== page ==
JFK Bikeway Gets Final Approval From Rec and Parks Commission

Image: SFMTA

San Francisco bicycle advocates are celebrating a major milestone after the city’s first parking-protected bike lane cleared its final hurdle yesterday. The San Francisco Recreation and Parks Commission approved the John F. Kennedy Drive bikeway, which will be installed in Golden Gate Park this December.

“The new, dedicated bikeways coming on JFK Drive will be a great benefit to the growing number of people, including so many families with children as well as seniors, biking in the park,” said San Francisco Bicycle Coalition (SFBC) Executive Director Leah Shahum. “These parking-protected bikeways have been proven in cities such as Portland, Oregon and New York City to make the streets safer and more inviting not only for people biking but also for people walking. And there’s nowhere this is more needed than in a park.”

The bike lane will be the city’s first to place a row of parked cars between motorized traffic and bicycle traffic, protecting bicycle riders from the dangers of passing vehicles and opening car doors. It will also be the first completed project that the SFBC called for in Connecting the City, its plan for a citywide network of protected bikeways.

“As an agency that is committed to providing safe and efficient streets for all users,” said SFMTA Director of Transportation Ed Reiskin, “including cyclists, pedestrians, people with disabilities, and cars, we are pleased that this project has taken a significant step forward.”

Installing the bikeway “allows the city to further enhance our bike network and create a safer environment for those who travel throughout the park. Going forward, we will continue to meet with all stakeholders to gather feedback and answer all questions,” he said.

John F. Kennedy Drive serves as a popular road for recreational cycling as well as a critical connection for cyclists traveling from the Sunset and Richmond districts to one of the city’s most heavily-trafficked bicycle routes along the Panhandle and the Wiggle. Connecting the City envisions a continuous, three-mile “Bay to Beach” bike route all the way from downtown Market Street to Ocean Beach, comfortable enough for anyone 8 to 80 years old.

Bicycle advocates have long called for greater use of protected bikeways instead of the bike lane designs that American cities have historically provided. The shortcomings of those traditional designs help explain why, in San Francisco, “dooring” is the top factor behind cyclist injuries caused by vehicle drivers or passengers. Where implemented, protected lanes have strongly increased cyclist safety and bicycling rates, as well as pedestrian and motorist safety. The world’s most successful cycling countries, like Denmark and the Netherlands, have made protected bike lanes the standard over the past few decades. Recently, American cities like New York, Washington, Chicago and Portland have adopted them.

A plan for protected bike lanes is also being developed for three blocks on Fell and Oak Streets, the second project in the “Bay to Beach” route.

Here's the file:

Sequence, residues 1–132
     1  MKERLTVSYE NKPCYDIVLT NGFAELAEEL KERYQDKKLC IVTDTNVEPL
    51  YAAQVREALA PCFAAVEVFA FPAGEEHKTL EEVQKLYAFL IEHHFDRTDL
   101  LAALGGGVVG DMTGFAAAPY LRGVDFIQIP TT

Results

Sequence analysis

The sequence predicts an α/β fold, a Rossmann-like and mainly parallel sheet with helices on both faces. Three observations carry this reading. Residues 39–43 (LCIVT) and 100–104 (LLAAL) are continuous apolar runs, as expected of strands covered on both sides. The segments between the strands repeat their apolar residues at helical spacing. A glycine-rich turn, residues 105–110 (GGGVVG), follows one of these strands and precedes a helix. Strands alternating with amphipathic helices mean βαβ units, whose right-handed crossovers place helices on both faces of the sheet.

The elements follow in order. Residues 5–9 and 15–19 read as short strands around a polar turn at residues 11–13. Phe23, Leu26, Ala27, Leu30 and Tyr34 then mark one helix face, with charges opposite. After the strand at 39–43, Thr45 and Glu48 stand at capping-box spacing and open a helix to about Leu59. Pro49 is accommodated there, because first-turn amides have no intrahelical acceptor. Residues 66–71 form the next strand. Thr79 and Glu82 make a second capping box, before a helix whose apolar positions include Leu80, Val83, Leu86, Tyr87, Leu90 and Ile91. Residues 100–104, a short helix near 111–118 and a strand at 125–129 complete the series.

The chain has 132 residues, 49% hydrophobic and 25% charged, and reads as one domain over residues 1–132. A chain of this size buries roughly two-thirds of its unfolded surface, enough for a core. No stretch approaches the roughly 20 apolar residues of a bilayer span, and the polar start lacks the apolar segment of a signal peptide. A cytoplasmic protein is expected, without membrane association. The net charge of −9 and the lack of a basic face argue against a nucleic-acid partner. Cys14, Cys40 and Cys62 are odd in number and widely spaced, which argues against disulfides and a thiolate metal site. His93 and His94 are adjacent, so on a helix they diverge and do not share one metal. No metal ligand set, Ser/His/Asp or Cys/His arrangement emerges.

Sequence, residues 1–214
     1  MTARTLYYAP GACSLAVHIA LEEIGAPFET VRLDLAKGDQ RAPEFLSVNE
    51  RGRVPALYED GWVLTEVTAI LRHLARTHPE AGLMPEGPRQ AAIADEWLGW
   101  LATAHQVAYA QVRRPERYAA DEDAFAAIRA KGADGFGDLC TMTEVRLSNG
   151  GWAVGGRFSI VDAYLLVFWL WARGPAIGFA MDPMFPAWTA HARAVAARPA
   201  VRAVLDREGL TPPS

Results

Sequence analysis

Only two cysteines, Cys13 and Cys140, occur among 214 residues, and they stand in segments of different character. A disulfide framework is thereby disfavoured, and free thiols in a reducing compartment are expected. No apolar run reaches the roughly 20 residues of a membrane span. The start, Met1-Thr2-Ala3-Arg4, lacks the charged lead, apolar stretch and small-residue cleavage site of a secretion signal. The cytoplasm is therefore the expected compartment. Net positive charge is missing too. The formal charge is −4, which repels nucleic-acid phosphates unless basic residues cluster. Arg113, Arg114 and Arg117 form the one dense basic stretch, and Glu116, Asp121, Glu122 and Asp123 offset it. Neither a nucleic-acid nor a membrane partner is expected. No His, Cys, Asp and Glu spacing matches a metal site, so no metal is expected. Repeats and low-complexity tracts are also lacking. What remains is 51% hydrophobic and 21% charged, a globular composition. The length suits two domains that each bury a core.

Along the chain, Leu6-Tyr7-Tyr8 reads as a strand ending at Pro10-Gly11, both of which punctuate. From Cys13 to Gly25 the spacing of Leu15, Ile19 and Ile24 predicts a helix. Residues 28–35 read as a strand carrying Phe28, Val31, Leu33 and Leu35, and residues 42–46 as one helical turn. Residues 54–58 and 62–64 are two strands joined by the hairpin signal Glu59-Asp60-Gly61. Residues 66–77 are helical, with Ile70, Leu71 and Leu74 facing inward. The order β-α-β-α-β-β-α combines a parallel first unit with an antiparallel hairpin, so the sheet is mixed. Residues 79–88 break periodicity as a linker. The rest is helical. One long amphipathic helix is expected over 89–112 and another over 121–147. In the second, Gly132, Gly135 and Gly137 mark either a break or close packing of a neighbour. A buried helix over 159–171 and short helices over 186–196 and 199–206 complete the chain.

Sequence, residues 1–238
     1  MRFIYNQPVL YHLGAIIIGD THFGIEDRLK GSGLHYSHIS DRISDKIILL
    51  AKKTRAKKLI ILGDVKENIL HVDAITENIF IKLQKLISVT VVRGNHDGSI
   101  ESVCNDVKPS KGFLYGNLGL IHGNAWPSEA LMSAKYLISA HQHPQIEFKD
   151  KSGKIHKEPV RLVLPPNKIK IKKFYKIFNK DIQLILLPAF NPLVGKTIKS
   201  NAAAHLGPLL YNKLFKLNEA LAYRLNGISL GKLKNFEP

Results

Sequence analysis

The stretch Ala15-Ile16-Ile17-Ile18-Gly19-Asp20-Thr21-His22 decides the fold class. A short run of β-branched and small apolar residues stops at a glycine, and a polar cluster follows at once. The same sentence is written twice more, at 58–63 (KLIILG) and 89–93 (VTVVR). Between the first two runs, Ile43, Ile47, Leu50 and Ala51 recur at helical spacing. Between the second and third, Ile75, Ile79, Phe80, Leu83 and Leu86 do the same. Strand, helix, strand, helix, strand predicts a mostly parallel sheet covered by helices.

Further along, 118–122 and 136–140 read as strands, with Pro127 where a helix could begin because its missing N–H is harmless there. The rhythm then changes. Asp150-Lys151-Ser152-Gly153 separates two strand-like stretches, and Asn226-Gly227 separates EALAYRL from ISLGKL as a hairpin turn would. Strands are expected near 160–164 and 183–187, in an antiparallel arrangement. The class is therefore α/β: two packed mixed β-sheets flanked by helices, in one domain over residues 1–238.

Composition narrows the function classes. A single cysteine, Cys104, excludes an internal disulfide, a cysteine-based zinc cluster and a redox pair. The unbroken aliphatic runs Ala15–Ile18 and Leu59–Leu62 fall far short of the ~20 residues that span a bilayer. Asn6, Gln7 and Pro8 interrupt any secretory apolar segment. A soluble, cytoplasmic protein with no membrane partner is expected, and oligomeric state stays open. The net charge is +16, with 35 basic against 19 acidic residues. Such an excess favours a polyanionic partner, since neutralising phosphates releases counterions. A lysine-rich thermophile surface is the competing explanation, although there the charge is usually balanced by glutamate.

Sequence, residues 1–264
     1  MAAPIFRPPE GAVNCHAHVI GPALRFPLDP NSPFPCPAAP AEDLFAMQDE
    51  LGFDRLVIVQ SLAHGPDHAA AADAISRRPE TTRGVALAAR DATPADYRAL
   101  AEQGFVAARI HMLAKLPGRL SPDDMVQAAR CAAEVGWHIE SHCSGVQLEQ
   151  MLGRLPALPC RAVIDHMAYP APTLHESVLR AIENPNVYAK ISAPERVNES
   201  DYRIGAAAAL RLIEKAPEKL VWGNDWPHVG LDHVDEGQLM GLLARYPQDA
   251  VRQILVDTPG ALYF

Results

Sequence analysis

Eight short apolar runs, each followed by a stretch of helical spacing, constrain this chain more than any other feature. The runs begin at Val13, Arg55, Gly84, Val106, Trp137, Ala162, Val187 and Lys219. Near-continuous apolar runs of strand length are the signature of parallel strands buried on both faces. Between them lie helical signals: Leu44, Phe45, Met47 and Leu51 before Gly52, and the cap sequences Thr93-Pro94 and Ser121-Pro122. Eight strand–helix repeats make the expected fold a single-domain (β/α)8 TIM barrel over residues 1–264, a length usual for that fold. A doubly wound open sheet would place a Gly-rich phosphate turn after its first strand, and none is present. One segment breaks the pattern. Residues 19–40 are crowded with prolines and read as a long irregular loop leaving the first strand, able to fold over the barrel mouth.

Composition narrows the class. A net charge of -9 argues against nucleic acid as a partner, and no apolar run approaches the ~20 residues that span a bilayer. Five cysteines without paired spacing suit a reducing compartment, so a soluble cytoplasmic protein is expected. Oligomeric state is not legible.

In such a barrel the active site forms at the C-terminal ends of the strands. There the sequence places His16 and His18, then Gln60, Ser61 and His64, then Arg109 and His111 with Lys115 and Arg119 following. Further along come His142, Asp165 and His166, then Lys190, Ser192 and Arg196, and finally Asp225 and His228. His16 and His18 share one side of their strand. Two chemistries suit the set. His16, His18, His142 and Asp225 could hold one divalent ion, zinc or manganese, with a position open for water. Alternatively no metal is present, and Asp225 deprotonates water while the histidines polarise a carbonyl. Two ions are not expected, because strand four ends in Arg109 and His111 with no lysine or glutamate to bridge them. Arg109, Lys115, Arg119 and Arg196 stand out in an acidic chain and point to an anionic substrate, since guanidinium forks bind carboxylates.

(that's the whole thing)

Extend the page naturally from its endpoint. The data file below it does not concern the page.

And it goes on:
• Is that the only image from the plan?

  • Aaron Bialick

    There are some more detailed ones in the SFMTA’s PDF presentation here.

  • Anonymous

    We don’t need “protected bike lanes”. We need safe car drivers.

  • peternatural

    (a) We’re not getting safe car drivers.
    (b) Kids (among others) need protected bike lanes.

  • peternatural

    (a) We’re not getting safe car drivers.
    (b) Kids (among others) need protected bike lanes.

  • peternatural

    (a) We’re not getting safe car drivers.
    (b) Kids (among others) need protected bike lanes.

  • Evatoad

    WAHOO!

  • HuckieCA

    This is certainly worth a try, but my big concern with this design is regarding cars making right turns at intersections across the bike lane.  With a row of parked cars between the travel lane and the bike lane, drivers might be even worse than they are right now at spotting bikes and making turns across the bike lane right in front of the cyclists.

  • Aaron Bialick

    As I understand it, parked cars would be kept back a certain distance from intersections to maintain sightlines. More detailed renderings are in this article.

  • Anonymous

    What’s the connection to the Panhandle going to be like?

  • SeventhLaguna

    They’re talking about beefing up the bike lane from Shrader to JFK with a buffer and maybe safe hits – not guaranteed. Going the other way, finally proposing to formalize the left-side bike lane coming from JFK and feeding onto the Panhandle. Still not 8-80, but you can always take a minute and use the per crossing to get to Kezar path.

  • SeventhLaguna

    *ped crossing to get to Kezar path

  • Anonymous

    Hm. The Kezar path is not great because you have to sit through three light cycles on well-trafficked roads to get across to the Panhandle (Kezar, Stanyan & Oak), waiting on the sidewalk, or you have to travel on Page for a block before turning onto Shrader and crossing Oak. Both are circuitous and stressful, I think.

    If I had my druthers, I’d put in a two-way cycletrack replacing the median at the end of Kezar, going straight on into the Panhandle, with a light at Kezar & JFK which could be well-timed with Stanyan. Would require some concrete work, though, so not as cheap.

  • Anonymous

    @peternatural:disqus so what you’re saying then is kids (and others) don’t deserve safe drivers.  Nice. Stay classy.

  • peternatural

    I’m saying we’re not getting safe drivers. Inane fantasies notwithstanding.

  • Anonymous

    @peternatural:disqus the only inanity here is your assertion that people can’t drive cars safely… but i’m sure this thread will be handy in your trial, so keep it up. 

  • this is so true that a The bike lane will be the city’s first to place a row of parked cars between motorized traffic and bicycle traffic…